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The Faroes cruel whale slaughter
Every year around 2,000 whales are driven ashore and cruelly slaughtered in the Faroe Islands, mid-way between the Shetland Islands and Iceland. For centuries the Faroe Islanders have hunted pilot whales, driving entire schools into killing bays, where they are speared or gaffed from boats, dragged ashore and butchered with knives. Although the Islands are a protectorate of Denmark, they have their own Government and regulations governing the pilot whale hunt or "grind" as it is known.
The Faroese pilot whale hunt has origins dating back some 400 years, the meat and blubber provided a valuable source of animal protein in the Faroese diet and the whale-oil became a significant export as well as being used for cooking and lighting. Even the offal and skeleton was utilised for animal feed and fertiliser. However, the hunt no longer provides essential protein for the Islanders, who enjoy a high standard of living, derived from fisheries exports to Europe and the USA. The Faroes economy is over 90% dependent on fisheries.
Recently the Islanders have indicated they want to kill whales commercially and it can be no coincidence that Denmark, which also defends ‘subsistence’ hunting of endangered whales in its other dependency of Greenland, is backing the resumption of commercial whaling. In 2006, Denmark alone backed a pro-commercial whaling declaration tabled by whalers at the International Whaling Commission’s (IWC) annual meeting in St Kitts.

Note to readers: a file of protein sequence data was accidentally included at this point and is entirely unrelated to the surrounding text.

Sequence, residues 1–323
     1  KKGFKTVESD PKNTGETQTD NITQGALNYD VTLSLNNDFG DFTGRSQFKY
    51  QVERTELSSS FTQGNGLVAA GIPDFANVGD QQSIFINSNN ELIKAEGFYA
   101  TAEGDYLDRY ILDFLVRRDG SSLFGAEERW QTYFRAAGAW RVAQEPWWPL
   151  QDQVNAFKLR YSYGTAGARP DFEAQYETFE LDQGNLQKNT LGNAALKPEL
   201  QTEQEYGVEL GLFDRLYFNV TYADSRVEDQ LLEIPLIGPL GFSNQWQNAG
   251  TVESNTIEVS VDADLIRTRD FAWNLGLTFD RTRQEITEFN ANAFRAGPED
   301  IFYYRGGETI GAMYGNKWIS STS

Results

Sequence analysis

Pilot whales are toothed whales around 20-25 feet in length and can weigh up to five tons. They are highly vocal, social animals swimming in groups called schools that can number in the hundreds. Pilot whales use echo-location to navigate and hunt for squid their principal prey. Often, entire schools of pilot whales will beach themselves and eventually die. It is not known whether such mass-stranding events are navigational errors by the whales or deliberate acts to help sick or injured group members at risk from drowning. Although still considered common pilot whales are at risk from marine pollution, over-fishing of squid and fish-stocks, entanglement in fish-nets, and whaling.
Whale meat and public health
The Faroes Health Authority has recommended that consumption of whale meat is limited to no more than twice a month. Women are advised to avoid it altogether if they plan to have children! This is because of the toxic contaminants that accumulate in the whales bodies through the food chain. These contaminants include mercury in the flesh, liver and kidneys and polychlorinated-biphenyls (PCB''s) in the blubber. PCB''s are highly toxic industrial compounds linked to damage to the immune system and reproductive failure. Although subject to a voluntary manufacturing ban since 1977, some countries still produce them (see our environmental briefing section for further in information).
The IWC has called for research into the impact on human health of eating whale products and a resolution called for the IWC and World Health Organisation to co-operate on the issue.
Campaign Whale objectives
Campaign Whale is opposed to the slaughter of pilot whales in the Faroe Islands believing that it is unacceptably cruel, is no longer an important food source for the population and constitutes an unnecessary threat to the species, the size and status of which is unknown. Campaign Whale wants the Faroese Government to end all whaling as quickly as possible.
If you would like to protest about Faroese pilot whaling, please write to the Faroese Prime Minister and the Danish Embassy. The addresses are :Jóannes Eidesgaard
Prime Minister of the Faroe Islands
Box 64, FR - 110
Counsellor/Representative of the Faroes
55 Sloan Street
London SW1X 9SR
United Kingdom Tel +44 (0) 20 7333 0227
Fax +44 (0) 20 7333 6707
Embassy of Denmark
55 Sloane Street
Tel: 0207 333 0200
Please also write to your local retailer asking them to boycott Faroese fish until whaling is stopped.